Remote work is good for business, and the world

Employers should continue to encourage remote work even after the fight against coronavirus is over.

empty office Reuters
An empty office is seen in Prague, Czech Republic, amid the coronavirus pandemic, May 4, 2020 [David W Cerny/Reuters]

In the last few months, as it became clear that the rapid spread of the novel coronavirus would eventually overwhelm health services, governments around the world started to mandate social distancing in public places to protect their citizens.

Social distancing, which typically involves keeping a certain distance from others and avoiding large gatherings, is a sound non-pharmaceutical intervention commonly used during epidemics. It prevents person-to-person transmission of contagions and helps authorities to contain disease outbreaks.

In response to the COVID-19 pandemic, many countries not only mandated basic social distancing, but also closed down schools, shops and offices, cancelled all conferences and meetings, and banned domestic and international travel.

These shutdowns sent economies into meltdown and caused real financial hardship for small businesses and people in the gig economy in many countries. Some companies, whose workers are able to work remotely, however, managed to not only continue business as usual amid the chaos, but increase their employees’ productivity.

The success of remote work is no coincidence. Studies have shown that when it is done right, remote work can improve employee productivity, creativity and morale. It has also been established that remote work leads workers to take fewer sick days and less vacation time, resulting in more workdays overall. Moreover, it can save businesses thousands of dollars a month per employee in office and other expenses.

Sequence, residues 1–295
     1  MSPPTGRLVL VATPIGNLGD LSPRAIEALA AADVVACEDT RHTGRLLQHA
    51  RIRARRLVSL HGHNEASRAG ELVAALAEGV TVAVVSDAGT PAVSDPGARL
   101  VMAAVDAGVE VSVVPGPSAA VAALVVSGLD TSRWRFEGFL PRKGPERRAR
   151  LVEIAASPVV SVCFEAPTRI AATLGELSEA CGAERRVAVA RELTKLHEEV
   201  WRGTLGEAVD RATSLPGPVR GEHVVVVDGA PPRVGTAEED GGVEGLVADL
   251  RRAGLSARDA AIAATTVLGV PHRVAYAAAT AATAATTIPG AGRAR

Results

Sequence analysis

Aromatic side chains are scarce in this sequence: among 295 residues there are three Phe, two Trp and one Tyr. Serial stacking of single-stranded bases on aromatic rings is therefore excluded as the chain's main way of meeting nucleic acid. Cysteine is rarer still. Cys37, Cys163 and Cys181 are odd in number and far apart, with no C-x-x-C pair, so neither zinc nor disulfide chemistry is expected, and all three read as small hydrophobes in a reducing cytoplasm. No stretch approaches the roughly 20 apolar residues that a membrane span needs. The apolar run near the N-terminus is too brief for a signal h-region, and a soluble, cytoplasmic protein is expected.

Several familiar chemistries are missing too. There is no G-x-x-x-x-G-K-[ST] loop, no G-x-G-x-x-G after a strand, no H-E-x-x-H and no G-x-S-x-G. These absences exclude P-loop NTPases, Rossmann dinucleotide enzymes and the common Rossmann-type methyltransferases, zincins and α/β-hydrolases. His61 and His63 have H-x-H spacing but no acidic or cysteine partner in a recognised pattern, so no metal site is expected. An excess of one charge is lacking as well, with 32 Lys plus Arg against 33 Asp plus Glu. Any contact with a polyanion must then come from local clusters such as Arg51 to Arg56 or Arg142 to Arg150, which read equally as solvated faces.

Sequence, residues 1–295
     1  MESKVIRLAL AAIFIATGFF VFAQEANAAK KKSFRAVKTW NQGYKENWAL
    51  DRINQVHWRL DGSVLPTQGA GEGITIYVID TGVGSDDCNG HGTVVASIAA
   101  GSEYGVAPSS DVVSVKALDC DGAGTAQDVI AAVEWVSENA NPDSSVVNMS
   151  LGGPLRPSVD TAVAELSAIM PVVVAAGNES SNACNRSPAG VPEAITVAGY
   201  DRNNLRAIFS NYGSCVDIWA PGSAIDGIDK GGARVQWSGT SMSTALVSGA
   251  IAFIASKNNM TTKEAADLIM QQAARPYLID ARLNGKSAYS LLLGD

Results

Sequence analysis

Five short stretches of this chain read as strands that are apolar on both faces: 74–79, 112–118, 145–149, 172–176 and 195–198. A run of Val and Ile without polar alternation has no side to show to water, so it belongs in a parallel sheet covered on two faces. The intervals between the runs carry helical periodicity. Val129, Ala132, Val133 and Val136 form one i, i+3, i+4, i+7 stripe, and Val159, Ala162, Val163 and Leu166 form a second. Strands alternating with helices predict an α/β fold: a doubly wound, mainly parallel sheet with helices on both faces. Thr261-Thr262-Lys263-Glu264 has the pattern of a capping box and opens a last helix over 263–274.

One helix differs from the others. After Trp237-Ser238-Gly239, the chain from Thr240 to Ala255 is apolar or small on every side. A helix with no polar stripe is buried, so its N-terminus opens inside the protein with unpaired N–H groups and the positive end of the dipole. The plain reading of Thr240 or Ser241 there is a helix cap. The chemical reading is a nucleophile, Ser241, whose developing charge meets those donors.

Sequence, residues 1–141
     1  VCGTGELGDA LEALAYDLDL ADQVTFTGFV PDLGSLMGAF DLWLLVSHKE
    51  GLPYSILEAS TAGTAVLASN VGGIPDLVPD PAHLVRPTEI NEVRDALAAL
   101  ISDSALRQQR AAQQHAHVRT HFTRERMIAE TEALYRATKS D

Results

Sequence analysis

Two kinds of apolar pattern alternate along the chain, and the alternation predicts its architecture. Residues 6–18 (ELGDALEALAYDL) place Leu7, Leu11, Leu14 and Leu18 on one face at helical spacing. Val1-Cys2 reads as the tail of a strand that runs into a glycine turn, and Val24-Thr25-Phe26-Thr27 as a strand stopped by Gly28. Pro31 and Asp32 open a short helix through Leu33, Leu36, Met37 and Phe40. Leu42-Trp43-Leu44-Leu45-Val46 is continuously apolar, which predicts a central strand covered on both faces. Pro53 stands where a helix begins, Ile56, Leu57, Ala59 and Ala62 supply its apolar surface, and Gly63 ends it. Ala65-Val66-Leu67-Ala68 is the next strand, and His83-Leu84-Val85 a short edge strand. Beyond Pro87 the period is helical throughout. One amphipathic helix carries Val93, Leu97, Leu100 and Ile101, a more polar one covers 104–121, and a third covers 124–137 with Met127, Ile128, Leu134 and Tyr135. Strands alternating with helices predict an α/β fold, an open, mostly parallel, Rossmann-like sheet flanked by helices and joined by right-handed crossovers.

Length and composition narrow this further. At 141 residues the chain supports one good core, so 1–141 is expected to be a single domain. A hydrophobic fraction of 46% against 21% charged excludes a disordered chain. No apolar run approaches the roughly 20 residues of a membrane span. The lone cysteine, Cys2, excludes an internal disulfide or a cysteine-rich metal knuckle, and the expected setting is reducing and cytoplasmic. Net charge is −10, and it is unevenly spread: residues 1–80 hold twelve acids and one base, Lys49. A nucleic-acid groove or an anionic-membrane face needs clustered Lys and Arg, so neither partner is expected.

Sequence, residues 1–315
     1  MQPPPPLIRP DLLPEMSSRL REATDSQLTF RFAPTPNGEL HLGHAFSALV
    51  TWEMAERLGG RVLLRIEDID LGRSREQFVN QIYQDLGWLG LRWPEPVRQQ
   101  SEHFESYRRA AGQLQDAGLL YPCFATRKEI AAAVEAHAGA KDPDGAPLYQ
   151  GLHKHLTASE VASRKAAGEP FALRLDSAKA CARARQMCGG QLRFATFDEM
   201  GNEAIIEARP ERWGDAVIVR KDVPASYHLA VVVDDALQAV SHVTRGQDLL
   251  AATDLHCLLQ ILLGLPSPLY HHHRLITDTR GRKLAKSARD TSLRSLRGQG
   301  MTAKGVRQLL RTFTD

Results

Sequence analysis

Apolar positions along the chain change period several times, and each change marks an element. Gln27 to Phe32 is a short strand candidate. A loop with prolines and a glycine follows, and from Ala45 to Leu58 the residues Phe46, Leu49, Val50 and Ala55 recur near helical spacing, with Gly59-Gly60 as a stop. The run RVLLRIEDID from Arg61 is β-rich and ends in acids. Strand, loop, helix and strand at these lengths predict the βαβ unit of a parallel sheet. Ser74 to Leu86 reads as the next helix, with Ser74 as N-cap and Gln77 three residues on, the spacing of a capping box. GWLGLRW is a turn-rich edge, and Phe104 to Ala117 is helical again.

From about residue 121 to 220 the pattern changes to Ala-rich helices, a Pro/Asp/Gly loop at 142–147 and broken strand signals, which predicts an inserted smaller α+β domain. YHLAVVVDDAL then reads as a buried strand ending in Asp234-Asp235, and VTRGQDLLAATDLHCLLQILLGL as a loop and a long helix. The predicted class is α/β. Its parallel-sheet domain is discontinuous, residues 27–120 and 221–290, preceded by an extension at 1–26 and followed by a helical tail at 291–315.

After being compelled to invest in tools that make remote work easier and more efficient due to the coronavirus pandemic, and experiencing the benefits of this new work model, many companies are considering allowing their employees to work from home indefinitely.  

Social media giant Twitter recently announced that it would support employees, who are able and willing to work from home to do so “forever”. Many other tech giants, from Facebook to Google, also said they are planning to support remote work “for the foreseeable future”.

The business world’s apparent move towards remote work is good news not only for companies themselves and their employees, but also for the wider society and the environment. Businesses can help the fight against climate change and protect public health by continuing to support remote work where possible even after the end of this pandemic. 

Widespread remote work practices would reduce the number of vehicles on our roads. This would lead to a drop in greenhouse gas emissions, which contribute to climate change. In the European Union, road transportation accounts for 72 percent of total carbon dioxide (CO2) emissions, while in the US emissions from all transportation – cars, trucks, trains, ships, aeroplanes and other vehicles – make up 29 percent. 

The world has already seen an average of a 6 percent drop in greenhouse gases amid the coronavirus pandemic due to lockdowns and industry shutdowns. While it would be impossible to keep to this level after the end of the pandemic, remote work can help us hold on to some of the environmental gains we made during this crisis.

It is easy to see how fewer cars on our roads could help mitigate the harmful effects of climate change. This could also mean densely populated cities would be less polluted, residents would have access to fresher air and children would be less vulnerable to illnesses like pneumonia.